Fort Kearny (Rhode Island)

From Wikipedia, the free encyclopedia
Jump to navigation Jump to search
Fort Kearny
Part of Harbor Defenses of Narragansett Bay
Saunderstown, Narragansett, Rhode Island
6in Rifled Gun No 9.jpg
6-inch gun M1903 on disappearing carriage M1905 at Battery Chamberlin in San Francisco, similar to the guns at Fort Kearny.
Fort Kearny is located in Rhode Island
Fort Kearny
Fort Kearny
Location in Rhode Island
Coordinates41°29′26″N 71°25′22″W / 41.49056°N 71.42278°W / 41.49056; -71.42278Coordinates: 41°29′26″N 71°25′22″W / 41.49056°N 71.42278°W / 41.49056; -71.42278
TypeCoastal Defense, later POW camp
Site information
OwnerUniversity of Rhode Island
Controlled byUniversity of Rhode Island
Conditionpartly re-used, partly built on
Site history
Built1908
Built byUnited States Army
In use1908-1946
Battles/warsWorld War II

Fort Kearny was a coastal defense fort in the Saunderstown area of Narragansett, Rhode Island from 1901 to 1943. It was a prisoner-of-war camp for German prisoners in 1945. It is now the Narragansett Bay Campus of the University of Rhode Island. In many sources it is spelled Fort Kearney.

History[edit]

Fort Kearny was built under the Endicott Program 1904-1908 as part of the Coast Defenses of Narragansett Bay. The fort is named for Major General Philip Kearny, killed in the American Civil War. It protected the West Passage of Narragansett Bay, along with Fort Getty in Jamestown and Fort Greble on Dutch Island.[1][2] The fort was primarily armed with six 6-inch M1905 guns (152 mm) on disappearing carriages, four in Battery French and two in Battery Cram. Two 3-inch M1903 guns (76 mm) were also present in Battery Armistead. Battery French was named for William H. French, a general in the Civil War. Battery Cram was named for Thomas J. Cram, a topographical engineer in the Civil War. Battery Armistead was named for Captain Lewis G. A. Armistead, who was killed in the War of 1812.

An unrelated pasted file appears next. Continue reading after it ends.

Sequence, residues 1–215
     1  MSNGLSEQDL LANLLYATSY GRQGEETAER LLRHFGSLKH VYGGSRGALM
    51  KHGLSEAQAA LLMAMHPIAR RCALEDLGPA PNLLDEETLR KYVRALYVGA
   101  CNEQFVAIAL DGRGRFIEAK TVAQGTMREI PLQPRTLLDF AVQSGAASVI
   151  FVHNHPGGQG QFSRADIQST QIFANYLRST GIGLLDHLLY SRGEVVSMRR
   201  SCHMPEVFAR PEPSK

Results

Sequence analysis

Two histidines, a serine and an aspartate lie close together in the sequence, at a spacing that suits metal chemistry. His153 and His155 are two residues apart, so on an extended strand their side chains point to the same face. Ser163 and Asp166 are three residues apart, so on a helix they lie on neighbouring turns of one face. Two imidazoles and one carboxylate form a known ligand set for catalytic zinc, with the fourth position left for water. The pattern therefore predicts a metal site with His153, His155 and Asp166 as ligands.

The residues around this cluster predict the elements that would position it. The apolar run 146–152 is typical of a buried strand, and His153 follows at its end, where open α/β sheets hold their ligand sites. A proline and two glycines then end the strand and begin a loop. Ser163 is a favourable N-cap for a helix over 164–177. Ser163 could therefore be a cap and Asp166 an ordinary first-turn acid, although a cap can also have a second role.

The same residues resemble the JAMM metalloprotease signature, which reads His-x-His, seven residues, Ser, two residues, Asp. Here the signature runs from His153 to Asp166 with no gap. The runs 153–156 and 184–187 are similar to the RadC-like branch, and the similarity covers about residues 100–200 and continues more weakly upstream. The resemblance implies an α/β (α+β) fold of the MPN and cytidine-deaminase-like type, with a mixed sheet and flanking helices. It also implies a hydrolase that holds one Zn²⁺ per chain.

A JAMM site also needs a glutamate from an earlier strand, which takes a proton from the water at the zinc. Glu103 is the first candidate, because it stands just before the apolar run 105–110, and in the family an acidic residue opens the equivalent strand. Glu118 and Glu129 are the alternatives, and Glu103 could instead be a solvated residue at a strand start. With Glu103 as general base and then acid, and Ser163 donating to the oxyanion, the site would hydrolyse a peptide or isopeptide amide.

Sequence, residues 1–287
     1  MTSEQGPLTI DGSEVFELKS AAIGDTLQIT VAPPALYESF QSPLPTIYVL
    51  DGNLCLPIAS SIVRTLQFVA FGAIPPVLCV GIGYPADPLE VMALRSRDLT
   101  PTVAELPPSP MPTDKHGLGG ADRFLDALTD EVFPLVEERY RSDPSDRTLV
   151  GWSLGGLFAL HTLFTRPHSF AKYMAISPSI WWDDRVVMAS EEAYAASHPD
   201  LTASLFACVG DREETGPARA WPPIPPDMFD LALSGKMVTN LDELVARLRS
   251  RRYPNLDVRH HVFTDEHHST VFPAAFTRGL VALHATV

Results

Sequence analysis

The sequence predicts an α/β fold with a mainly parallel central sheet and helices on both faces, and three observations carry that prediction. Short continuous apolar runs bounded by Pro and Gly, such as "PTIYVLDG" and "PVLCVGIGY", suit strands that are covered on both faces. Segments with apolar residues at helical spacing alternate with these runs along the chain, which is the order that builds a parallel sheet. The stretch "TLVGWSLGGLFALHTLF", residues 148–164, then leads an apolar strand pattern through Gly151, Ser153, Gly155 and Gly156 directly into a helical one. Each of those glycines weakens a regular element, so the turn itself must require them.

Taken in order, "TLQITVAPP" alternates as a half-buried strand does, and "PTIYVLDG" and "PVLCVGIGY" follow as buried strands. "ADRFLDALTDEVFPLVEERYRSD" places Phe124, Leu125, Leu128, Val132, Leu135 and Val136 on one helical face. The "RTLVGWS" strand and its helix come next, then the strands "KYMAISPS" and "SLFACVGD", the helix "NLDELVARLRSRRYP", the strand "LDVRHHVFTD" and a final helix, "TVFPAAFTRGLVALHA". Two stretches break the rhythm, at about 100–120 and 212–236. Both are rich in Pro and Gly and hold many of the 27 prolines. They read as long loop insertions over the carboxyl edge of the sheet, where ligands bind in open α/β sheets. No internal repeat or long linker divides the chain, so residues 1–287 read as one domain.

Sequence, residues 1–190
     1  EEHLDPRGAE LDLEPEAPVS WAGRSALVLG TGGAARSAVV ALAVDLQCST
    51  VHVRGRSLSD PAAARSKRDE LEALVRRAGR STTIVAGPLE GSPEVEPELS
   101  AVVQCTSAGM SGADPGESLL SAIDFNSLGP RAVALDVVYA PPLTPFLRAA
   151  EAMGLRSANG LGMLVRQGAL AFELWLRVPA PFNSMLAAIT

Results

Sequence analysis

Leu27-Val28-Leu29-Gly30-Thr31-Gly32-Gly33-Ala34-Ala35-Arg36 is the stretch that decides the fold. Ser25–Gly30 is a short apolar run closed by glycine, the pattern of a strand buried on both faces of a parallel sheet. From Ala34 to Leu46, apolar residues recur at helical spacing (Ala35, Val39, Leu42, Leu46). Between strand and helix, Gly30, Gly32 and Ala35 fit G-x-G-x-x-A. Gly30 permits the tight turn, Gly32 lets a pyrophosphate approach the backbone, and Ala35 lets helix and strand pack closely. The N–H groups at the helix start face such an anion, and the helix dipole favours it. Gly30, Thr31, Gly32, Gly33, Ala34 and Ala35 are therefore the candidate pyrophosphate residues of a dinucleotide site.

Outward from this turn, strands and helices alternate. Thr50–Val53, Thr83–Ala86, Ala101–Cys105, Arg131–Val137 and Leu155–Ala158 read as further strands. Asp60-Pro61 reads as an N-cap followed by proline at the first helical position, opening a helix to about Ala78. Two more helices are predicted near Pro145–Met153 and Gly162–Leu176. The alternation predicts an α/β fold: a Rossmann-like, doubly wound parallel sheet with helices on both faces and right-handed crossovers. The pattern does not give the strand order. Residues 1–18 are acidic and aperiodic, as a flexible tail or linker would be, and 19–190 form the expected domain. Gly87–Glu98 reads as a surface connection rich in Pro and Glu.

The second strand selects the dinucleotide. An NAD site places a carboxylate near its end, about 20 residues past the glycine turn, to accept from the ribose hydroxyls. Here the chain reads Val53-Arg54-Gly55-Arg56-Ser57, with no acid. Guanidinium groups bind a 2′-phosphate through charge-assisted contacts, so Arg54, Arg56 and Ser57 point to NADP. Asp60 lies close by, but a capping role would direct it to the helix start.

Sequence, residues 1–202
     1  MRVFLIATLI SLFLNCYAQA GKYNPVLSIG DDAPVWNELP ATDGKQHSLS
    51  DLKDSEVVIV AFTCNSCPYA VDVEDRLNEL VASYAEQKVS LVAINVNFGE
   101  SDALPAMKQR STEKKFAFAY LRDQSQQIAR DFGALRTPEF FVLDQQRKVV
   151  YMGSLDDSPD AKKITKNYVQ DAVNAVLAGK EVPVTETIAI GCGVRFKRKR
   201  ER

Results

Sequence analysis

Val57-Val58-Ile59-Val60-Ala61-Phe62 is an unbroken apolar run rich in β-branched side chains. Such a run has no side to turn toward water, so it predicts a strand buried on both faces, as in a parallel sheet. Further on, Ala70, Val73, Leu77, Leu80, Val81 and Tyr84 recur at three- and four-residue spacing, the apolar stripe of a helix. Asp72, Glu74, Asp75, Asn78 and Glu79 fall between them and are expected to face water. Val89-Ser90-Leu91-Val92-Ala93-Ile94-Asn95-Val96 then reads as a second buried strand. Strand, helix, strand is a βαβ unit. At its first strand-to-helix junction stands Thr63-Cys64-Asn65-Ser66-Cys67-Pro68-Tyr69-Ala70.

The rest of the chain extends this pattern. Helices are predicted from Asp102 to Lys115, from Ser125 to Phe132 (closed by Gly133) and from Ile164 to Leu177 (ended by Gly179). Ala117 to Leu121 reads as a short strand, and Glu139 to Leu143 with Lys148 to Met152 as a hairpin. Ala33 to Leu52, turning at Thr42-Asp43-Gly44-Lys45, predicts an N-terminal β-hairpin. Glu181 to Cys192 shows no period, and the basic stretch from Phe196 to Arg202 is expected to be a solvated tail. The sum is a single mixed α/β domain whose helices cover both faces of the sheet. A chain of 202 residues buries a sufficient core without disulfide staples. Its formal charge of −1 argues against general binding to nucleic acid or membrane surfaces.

The guns of Battery French were removed in 1917 for potential service on the Western Front; three of the guns were sent to France for use on field carriages, but sources indicate that none of the 6-inch gun regiments completed training before the Armistice and thus they did not see combat.[1][3] The guns were not returned to Fort Kearny.

In World War II a large-scale modernization of coast defenses was implemented; in Narragansett Bay this was centered on Fort Church and Fort Greene. Fort Kearny was slated for disarmament once the new defenses were completed. In 1942 the 3-inch guns of Battery Armistead were relocated to Fort Varnum, and in 1943, with improved defenses completed, Fort Kearny's two remaining guns at Battery Cram were scrapped.[1][2]

Fort Kearny was a prisoner-of-war camp in World War II, beginning in February 1945.[4] It was the headquarters of a program to re-educate German prisoners with democratic values, one element of which was the German-language newspaper Der Ruf (The Call).[5][6]

Present[edit]

Fort Kearny is now the Narragansett Bay Campus of the University of Rhode Island. A small nuclear research reactor has been built on top of Battery French. Battery Cram and Battery Armistead have been refurbished as office space.

See also[edit]

References[edit]

  1. ^ a b c FortWiki article on Fort Kearny
  2. ^ a b Berhow, p. 205
  3. ^ History of the Coast Artillery Corps in World War I
  4. ^ Campbell, James (August 5, 2010). "POW camps little-known part of island legacy". Jamestown Press. Retrieved 24 June 2015.
  5. ^ McBurney, Christian; Wallin, Brian. "The Top Secret World War II Prisoner-of-War Camp at Fort Kearney in Narragansett". Small State Big History. Retrieved 23 August 2015.
  6. ^ Horton, Aaron (Dec 11, 2013). German POWs, Der Ruf, and the Genesis of Group 47: The Political Journey of Alfred Andersch and Hans Werner Richter. Rowman & Littlefield. ISBN 9781611476170.
  • Berhow, Mark A., Ed. (2004). American Seacoast Defenses, A Reference Guide, Second Edition. CDSG Press. ISBN 0-9748167-0-1.
  • Lewis, Emanuel Raymond (1979). Seacoast Fortifications of the United States. Annapolis: Leeward Publications. ISBN 978-0-929521-11-4.

External links[edit]